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Ranching group drops 'Cattlemen' name to be more gender inclusive

CALGARY — Lyndsey Smith, a third-year agribusiness student at Olds College in Alberta, was surprised when she heard that long-standing industry organization the Canadian Cattlemen's Association had changed its name.
Calves on the Bird family's cattle farm near Cremona, Alta., Thursday, May 28, 2020. The group representing Canada's beef industry has changed its name to be more gender-inclusive. It will be known as the Canadian Cattle Association. THE CANADIAN PRESS/Jeff McIntosh

CALGARY — Lyndsey Smith, a third-year agribusiness student at Olds College in Alberta, was surprised when she heard that long-standing industry organization the Canadian Cattlemen's Association had changed its name.

But while Thursday's news was unexpected, Smith said the organization's new name, Canadian Cattle Association, is more reflective of her personal experience.

"I think it validates that women are an essential part of the ranch and farming," said Smith, who in addition to studying raises her own small herd of Hereford cattle and works as an agriculture research assistant.

Smith added that within her classes, more than half of the students are young women.

"I think it (the new name) really includes us more ... and it's great that we have so many women up and coming in the industry, who want to raise cattle."

The industry association that represents more than 60,000 ranchers and feedlot operators nationwide has had the word "Cattlemen's" in its name since its founding in 1932.

But while cattle ranching is still big business in Western Canada, particularly in Alberta where it is closely linked with the province's history and identity, the beef industry has struggled with its image in recent years as issues like climate change and animal welfare have gained traction with the public and governments.

Tyler Fulton, a CCA officer-at-large and president of the Manitoba Beef Producers, said Thursday's name change is the result of a three-year branding exercise, and also includes a newly unveiled logo.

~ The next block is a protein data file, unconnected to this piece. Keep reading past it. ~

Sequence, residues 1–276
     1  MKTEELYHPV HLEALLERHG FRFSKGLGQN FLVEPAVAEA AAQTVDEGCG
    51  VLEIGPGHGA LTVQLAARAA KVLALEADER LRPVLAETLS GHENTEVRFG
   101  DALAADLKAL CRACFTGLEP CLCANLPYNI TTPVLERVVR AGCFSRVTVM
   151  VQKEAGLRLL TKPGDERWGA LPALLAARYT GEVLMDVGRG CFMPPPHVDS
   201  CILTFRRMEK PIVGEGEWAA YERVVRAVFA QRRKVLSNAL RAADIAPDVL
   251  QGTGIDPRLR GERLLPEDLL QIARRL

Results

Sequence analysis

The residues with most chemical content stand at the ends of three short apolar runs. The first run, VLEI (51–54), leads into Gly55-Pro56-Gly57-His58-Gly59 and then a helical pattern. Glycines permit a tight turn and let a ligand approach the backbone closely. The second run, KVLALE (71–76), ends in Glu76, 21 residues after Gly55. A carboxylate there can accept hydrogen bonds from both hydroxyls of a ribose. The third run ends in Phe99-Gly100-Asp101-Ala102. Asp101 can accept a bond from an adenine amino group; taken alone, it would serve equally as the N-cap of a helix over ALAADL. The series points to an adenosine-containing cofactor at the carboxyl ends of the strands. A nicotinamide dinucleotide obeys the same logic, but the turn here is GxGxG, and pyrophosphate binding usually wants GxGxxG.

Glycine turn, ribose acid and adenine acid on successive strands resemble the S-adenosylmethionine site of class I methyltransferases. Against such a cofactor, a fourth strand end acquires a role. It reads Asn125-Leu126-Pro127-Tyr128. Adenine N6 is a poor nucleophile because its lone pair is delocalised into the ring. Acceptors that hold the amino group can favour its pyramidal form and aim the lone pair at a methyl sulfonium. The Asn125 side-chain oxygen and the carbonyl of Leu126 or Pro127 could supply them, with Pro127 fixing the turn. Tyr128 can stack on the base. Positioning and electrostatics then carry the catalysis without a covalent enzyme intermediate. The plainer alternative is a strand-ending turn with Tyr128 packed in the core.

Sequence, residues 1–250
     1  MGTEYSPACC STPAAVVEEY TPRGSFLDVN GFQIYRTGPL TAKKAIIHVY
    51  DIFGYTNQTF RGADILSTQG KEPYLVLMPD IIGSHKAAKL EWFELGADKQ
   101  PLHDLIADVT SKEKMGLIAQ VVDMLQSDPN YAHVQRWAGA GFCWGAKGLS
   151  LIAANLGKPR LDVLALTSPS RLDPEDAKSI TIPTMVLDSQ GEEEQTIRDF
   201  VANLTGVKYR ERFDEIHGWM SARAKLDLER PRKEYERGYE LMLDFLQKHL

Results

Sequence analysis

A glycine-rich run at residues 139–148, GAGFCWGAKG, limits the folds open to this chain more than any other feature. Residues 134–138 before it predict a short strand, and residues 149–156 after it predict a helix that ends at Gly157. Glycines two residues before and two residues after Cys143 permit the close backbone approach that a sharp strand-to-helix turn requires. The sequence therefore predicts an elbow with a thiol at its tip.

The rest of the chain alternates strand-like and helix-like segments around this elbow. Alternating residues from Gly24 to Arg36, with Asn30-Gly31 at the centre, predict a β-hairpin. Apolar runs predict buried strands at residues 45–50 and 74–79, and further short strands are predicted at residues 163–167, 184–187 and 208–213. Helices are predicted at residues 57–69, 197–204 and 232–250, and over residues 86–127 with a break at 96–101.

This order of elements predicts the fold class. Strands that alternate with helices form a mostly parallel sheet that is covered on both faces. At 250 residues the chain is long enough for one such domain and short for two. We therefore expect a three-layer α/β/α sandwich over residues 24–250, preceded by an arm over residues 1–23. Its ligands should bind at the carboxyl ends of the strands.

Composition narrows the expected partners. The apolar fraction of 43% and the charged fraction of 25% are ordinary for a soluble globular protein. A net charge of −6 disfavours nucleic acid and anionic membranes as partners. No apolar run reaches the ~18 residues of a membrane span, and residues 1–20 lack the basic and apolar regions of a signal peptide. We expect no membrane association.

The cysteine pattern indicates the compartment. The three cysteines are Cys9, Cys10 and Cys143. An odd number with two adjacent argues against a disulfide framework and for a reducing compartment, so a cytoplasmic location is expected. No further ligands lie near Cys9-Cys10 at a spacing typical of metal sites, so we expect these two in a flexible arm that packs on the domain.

He said while board members considered several options for both a name and logo, there was “unanimity around making the name more inclusive.” 

He added that beyond the issue of gender, "Cattle Association" will hopefully also resonate better with feedmill owners, veterinarians and other individuals who play a crucial role in the Canadian beef industry but aren't necessarily ranchers.

“I feel super proud of the culture that’s within our organization, and I think this update to the name and the logo more closely reflects what we already were — a progressive, modern and inclusive organization that really champions women," he said.

Among the goals of the new name and logo is to help position the Canadian beef industry as "dynamic, forward-thinking," and "climate positive," Fulton said. On the environmental side, the industry is working hard to raise awareness of the positive things ranchers do, such as sequestering carbon by preserving native grasslands in pastures.

Sheila Hillmer, who ranches with her family just south of Lethbridge and sits on the CCA board, said the beef industry is no different than any other industry or business right now, in that it is grappling with a rapidly changing world.

“We’re stepping in and leaning into the relevant issues now, and I think we’ll continue to see the evolution of the brand and the industry several times over as times change," she said.

“I really feel that women have been an essential part of the Canadian Ag industry, and the Canadian ranching industry, right since time began," Hillmer added. “I think it’s the coolest thing that the industry wanted to make sure that the name represented an inclusive and diverse world.”

Last year, the Saskatchewan Cattlemen's Association entertained a resolution calling for that group to also rename itself to be more gender inclusive. 

At the time, SCA chief executive Ryder Lee said the gender discussion is one that wouldn't even have come up a few years ago.

"A lot of conversations are like the ones we have at kitchen tables across the province," Lee said in 2021. "There is some awareness that things are changing. There's some comfort with that, there's some discomfort with that."

While the SCA's board ultimately voted that resolution down, Lee said in an email the issue will likely be discussed again now that the national organization has adopted a name change.

This report by The Canadian Press was first published July 7, 2022.

Amanda Stephenson, The Canadian Press